4. Consultation on the parental and maternity leave proposals closed on 4 October (DTI Press Release P/99/679 4 August). 310 responses were received. In total 194 responses came from employers and their representatives. 56 responses were received from employees and employees' organisations.

5. For the purposes of parental leave, a disabled child is a child for whom disability living allowance is awarded.

Interim Guidance Note

The new right to parental leave will apply to employees who have completed one year's service with their employer. It will allow parents with children born or adopted after 15 December 1999 to take parental leave to care for that child. The right will apply to mothers and fathers and to a person who has obtained formal parental responsibility for a child under the Children Act or its Scottish equivalent. Parents will be able to start taking parental leave when the child is born or placed for adoption or as soon as they have completed one year's service with their employer, whichever is later.

Key elements of parental leave which will apply in every case

13 weeks' parental leave for each child;

the employee's rights to take the leave last until the child's fifth birthday or until five years have elapsed following placement in the case of adoption;

parents of disabled children will be able to use their leave over alonger period, up until the child's 18th birthday;

the employee will remain employed while on parental leave; some terms, such as contractual notice and redundancy terms will still apply;

at the end of parental leave an employee is guaranteed the right toreturn to the same job as before, or, if that is not practicable, a similar job which has the same or better status, terms and conditions as the old job; where the leave taken is for a period of 4 weeks or less, the employee will be entitled to go back to the same job.

Agreements between employers and employees

Wherever possible employers and employees should make their own agreements about how parental leave will work in a particular workplace. They may choose to do so through individual, workforce or collective agreements. In small firms especially, where employers and employees work closely together, the needs of each can be agreed on an individual basis.

Agreements can improve upon the key elements set out above but they cannot offer less. For example, employees must be able to take the equivalent of 13 weeks' leave from work whether the local scheme allows this to be in days, weeks, one long block or as reduced working hours or a mixture of all of these.

Agreements can also cover matters such as how much notice of parental leave must be given, arrangements for postponing the leave when the business cannot cope or could be harmed by the employee's absence, and how it should be taken. Where employers and employees have not
entered into an agreement about these matters, or until they have done so, the fallback scheme set out in the Regulations applies.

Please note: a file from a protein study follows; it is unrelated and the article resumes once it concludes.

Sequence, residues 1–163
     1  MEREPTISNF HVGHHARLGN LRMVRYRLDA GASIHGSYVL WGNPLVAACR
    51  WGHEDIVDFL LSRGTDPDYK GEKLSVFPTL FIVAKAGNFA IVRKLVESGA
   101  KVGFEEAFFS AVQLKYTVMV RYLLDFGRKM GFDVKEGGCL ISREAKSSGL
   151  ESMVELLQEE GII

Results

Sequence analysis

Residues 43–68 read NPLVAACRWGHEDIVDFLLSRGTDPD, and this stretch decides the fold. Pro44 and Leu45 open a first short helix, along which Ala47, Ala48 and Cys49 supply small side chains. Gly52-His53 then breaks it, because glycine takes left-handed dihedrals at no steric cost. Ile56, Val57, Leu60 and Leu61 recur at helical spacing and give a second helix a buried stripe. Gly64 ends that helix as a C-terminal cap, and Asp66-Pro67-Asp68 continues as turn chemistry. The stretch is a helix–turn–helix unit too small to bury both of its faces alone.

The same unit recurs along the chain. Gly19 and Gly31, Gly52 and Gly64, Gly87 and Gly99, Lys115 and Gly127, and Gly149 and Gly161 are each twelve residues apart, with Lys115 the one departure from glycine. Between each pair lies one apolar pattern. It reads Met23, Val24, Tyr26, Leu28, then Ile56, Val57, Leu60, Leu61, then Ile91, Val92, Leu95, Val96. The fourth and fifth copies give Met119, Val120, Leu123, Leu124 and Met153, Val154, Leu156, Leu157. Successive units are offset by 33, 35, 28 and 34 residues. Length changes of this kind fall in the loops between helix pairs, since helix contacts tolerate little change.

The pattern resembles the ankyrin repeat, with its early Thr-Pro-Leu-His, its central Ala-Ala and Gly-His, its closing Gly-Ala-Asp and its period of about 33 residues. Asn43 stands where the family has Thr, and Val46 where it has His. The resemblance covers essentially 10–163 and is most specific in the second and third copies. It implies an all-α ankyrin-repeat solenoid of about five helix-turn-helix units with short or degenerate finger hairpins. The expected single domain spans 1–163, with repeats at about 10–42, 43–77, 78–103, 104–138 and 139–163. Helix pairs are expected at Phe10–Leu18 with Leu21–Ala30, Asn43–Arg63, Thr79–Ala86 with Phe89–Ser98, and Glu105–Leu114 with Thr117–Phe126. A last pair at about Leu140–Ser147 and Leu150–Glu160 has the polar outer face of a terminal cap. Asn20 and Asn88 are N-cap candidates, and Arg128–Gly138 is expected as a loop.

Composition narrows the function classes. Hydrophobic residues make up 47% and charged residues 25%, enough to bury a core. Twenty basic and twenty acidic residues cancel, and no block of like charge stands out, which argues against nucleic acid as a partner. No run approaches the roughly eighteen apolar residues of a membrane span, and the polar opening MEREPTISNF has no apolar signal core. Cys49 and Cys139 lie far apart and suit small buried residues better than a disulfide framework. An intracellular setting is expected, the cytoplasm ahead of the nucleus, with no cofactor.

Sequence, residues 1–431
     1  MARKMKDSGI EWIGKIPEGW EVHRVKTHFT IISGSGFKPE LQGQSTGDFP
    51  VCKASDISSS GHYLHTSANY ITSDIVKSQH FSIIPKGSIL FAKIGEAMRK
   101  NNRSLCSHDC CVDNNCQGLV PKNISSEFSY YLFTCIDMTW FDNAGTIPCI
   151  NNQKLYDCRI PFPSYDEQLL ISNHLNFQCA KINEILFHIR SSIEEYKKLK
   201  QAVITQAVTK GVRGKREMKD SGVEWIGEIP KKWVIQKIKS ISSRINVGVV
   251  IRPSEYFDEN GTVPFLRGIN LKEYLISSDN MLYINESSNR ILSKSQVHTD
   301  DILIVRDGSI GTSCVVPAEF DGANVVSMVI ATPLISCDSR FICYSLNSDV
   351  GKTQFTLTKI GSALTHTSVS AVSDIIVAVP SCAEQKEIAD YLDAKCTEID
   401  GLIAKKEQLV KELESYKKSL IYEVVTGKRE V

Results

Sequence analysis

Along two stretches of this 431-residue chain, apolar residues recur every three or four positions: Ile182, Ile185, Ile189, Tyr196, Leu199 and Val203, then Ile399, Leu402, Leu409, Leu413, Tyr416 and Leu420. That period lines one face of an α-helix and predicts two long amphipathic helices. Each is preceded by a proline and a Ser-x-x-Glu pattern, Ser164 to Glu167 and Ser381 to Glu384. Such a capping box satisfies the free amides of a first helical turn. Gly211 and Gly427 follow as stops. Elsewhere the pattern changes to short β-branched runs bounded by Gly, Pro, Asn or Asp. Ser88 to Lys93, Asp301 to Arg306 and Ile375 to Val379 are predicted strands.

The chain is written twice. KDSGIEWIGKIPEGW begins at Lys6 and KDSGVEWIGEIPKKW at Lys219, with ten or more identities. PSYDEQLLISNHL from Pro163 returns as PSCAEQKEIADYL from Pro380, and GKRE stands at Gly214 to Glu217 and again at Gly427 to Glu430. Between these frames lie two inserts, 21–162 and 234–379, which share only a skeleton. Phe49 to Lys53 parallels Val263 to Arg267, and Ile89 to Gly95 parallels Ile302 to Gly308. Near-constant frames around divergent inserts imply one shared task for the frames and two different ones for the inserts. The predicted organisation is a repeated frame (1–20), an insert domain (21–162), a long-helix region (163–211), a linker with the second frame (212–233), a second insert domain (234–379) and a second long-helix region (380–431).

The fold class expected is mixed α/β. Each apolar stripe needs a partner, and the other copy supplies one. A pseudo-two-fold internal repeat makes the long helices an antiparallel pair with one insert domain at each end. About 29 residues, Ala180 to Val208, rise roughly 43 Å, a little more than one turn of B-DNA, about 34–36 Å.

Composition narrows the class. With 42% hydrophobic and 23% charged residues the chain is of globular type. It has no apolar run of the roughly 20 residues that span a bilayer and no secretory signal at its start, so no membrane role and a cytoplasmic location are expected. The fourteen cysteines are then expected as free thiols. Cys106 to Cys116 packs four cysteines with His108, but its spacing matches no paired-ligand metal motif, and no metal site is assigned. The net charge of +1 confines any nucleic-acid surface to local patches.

Collective or workforce agreements can set aside the fallback scheme and replace it with a different set of arrangements entirely.

Where different arrangements are agreed with individuals, it will always be open to the individual to exercise his or her rights under any part of the Regulations, including the fallback scheme, if these are better in any particular respect.

The fallback scheme

The fallback scheme in the Regulations provides for employees to take parental leave in blocks or multiples of one week after giving 21 days notice up to a maximum of four weeks leave in a year subject to postponement by employer for up to 6 months where business cannot cope but leave cannot be postponed when the employee gives notice to take it immediately after the time the child is born or is placed with the family for adoption Parents of disabled children will have the flexibility to take leave a day at a time or longer if they wish. A disabled child is a child
for whom disability living allowance is awarded.

Employers are not required to keep statutory records of parental leave taken, although many will want to do so for their own purposes.When an employee changes jobs, employers will be free to make enquiries of a previous employer or seek a declaration from the employee about how much parental leave he or she has taken.

Employees will have the right to go to an employment tribunal if the employer prevents or attempts to prevent them from taking parental leave. An employee who takes parental leave will also be protected from victimisation, including dismissal, for taking it.

The Maternity and Parental Leave Regulations, which are subject to parliamentary approval, provide for a new right to parental leave which will come into force on 15 December 1999.

Department of Trade and Industry 1 Victoria Street London SW1H 0ET

Haddon v van den Bergh Foods Ltd.

Morison J., in one of his final decisions as President, appears to have abolished the 'range of reasonable responses' test developed in Burchell in unfair dismissal misconduct cases.

Haddon: The Facts

Mr Haddon was presented with a Good Service Award by his employers at a special presentation event after 15 years of service. He was told that he would have to return to work, to finish his shift, for one-and-a-half hours after the award ceremony.

At the ceremony, alcohol was available. Knowing of the company's rules that employees were not permitted to return to work after drinking at such ceremonies, he decided not to return to finish his shift.